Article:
The National Organization for Women is a nonprofit organization whose goal is to educate the public about feminism and women’s rights as well as carry out litigation. NOW is the biggest nonprofit feminist organization in the United States with the main office in Washington D.C. as well as affiliates all over the world. The Arizona chapter is focused on racial justice, ending violence against women, economic equality, reproductive rights, LGBTQ rights, and getting the equal rights amendment passed in Arizona.
David Ayodele, the PAC chair for the Arizona chapter of NOW, planned to just attend the Women’s March in 2017. Eventually, it snowballed to him becoming an officer to one of the biggest organizations seeking to change policies surrounding justice and equality for women.
Ayodele became frustrated by events in 2016 and decided he wanted to do something about it.
“A lot of feminist issues are not controversial,” he says. He argues that the only thing that could be considered remotely controversial is abortion and to him, even that is an unquestionable right. As the PAC chair, he has the opportunity to evaluate political candidates for an endorsement from NOW as well as organize events to promote certain candidates.
NOW started off as an African Suffrage movement in the early ’60s and has snowballed to what it is today. Their focus right now is getting the ERA passed in Arizona because only one more state needs to pass it to get it introduced on a federal platform.
The equal rights amendment has been around since 1921 and still hasn’t been ratified as a constitutional amendment. The ERA makes sure that everyone has equal rights regardless of their sex. There currently isn’t anything like that in the Federal Constitution.
There are two ways to get an amendment to the Constitution.
It can be proposed with either a two-thirds majority vote in the house of representatives and in the Senate or it can be proposed with a constitutional convention. All 27amendment to the constitution have been proposed with a majority vote in Congress. After that, three-fourths of the states have to ratify it as well (38 out of 50). It can either be passed in congress first and then sent to the states or first passed in the states and then sent to Congress. Right now, 37 states have ratified the ERA – only one more state is needed for the ERA to be passed off to Congress.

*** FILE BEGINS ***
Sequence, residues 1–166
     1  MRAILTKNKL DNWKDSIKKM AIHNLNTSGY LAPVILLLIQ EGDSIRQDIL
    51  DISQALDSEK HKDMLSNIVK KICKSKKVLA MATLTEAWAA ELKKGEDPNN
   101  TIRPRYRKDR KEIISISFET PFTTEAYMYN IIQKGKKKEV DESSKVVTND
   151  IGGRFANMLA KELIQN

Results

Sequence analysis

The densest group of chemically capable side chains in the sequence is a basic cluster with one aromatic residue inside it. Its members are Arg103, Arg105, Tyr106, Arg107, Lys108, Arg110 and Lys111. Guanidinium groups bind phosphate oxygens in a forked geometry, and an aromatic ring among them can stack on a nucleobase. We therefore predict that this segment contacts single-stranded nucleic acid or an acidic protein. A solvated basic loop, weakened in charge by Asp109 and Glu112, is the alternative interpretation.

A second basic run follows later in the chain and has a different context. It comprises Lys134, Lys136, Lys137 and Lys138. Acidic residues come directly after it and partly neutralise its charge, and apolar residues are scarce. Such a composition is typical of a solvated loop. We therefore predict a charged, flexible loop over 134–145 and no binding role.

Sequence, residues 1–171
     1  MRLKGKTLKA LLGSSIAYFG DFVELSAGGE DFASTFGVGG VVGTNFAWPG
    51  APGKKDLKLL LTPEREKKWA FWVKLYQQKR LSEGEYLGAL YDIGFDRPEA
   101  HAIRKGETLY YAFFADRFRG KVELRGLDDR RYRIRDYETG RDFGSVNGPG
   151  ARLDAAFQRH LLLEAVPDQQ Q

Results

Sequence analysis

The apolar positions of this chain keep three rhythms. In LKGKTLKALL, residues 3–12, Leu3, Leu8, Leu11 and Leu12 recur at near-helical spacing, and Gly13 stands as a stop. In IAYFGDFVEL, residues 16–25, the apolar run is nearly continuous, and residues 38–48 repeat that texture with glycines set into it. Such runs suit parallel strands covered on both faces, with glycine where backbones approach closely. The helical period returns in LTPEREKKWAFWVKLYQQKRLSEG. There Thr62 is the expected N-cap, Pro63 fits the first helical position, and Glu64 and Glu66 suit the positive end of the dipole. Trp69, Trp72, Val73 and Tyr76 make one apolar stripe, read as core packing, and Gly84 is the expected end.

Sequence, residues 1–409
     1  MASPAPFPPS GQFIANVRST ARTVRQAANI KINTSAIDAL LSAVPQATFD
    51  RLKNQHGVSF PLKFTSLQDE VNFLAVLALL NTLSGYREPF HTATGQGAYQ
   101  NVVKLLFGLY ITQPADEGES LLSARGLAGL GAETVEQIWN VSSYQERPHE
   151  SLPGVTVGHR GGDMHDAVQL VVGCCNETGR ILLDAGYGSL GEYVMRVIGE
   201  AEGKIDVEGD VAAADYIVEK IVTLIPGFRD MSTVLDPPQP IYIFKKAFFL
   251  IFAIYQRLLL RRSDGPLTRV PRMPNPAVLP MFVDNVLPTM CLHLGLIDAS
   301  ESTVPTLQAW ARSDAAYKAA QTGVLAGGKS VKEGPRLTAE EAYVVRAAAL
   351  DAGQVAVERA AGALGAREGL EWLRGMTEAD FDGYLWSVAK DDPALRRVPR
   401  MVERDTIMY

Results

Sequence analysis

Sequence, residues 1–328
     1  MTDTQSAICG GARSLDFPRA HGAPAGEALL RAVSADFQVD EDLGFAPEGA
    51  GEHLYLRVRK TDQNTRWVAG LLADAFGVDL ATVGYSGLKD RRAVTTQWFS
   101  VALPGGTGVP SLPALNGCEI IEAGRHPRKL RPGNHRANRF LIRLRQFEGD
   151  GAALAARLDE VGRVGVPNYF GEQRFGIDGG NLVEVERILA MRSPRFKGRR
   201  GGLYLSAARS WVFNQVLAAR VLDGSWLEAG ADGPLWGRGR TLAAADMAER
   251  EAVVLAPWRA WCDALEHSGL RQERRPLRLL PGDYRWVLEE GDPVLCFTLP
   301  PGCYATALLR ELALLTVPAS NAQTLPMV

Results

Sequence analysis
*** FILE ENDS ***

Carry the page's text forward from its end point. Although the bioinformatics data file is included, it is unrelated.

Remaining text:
Those who question the ERA ask why there needs to be a separate clause specifying no one can discriminate against sex when there are rights plainly laid out in the constitution about voting and employer discrimination. The reason is that when a court looks at a case of discrimination, it is evaluated on different levels based on the legal protection of those being discriminated against.
The first layer and the most minimally protected is called “rational relation.”
A law needs a rational reason in its defense – it doesn’t have to be a particularly good reason, but it must be a rational reason. Dianne Post, a lawyer who has been working to get the ERA ratified for 45 years, gives an example of a case that would be examined under rational relation. If a law was passed that said that left-handed people could only park on the left side of the street because that way they would get out of the car on the sidewalk side, it would be scrutinized under “rational relation” because there are no laws protecting the rights of left-handed people. It doesn’t matter that the law makes no real sense – there was a rational reason behind this law.
“Intermediate scrutiny” is the next layer on the list.
This is utilized when there are some rights protecting this group and there has to have a very good reason for passing this law. For example, there was once a law that said bartenders could only be female if her husband or father owned the bar. The reasoning behind this is because she would be less likely to be sexually harassed if her husband or father was the owner. Of course, there was no law protecting the waitresses. But it didn’t matter. There was a pretty good defense for this law.
The last and most protected level is “strict scrutiny.”
This is used when there is a group that is heavily protected under the constitution – such as race. There must be an extremely good reason for passing this law, and even then, the law cannot take that group’s constitutional rights away.
Right now, sex falls under the second layer. If the ERA is passed, it will fall under the third layer, making it extremely difficult for any law to be passed that discriminates against sex. The idea that a law can be passed that discriminates against sex is terrifying and the ERA needs to be passed so sex can be moved up to protected status under the constitution.
The Arizona chapter of NOW is working hard to get it passed in Arizona, but because of political ideology, getting it passed has been a long road. We as a community need to band together and show the state legislator that we are not going to go away and the ERA is a priority for its citizens. We need to show that we passionate about our rights and that we will do whatever it takes to pass an amendment that forbids anyone for discriminating based on sex.
David Ayodele said, “It’s a sad staate of affairs when [violence against women] is a controversy.” Let’s make sure it never is one again.1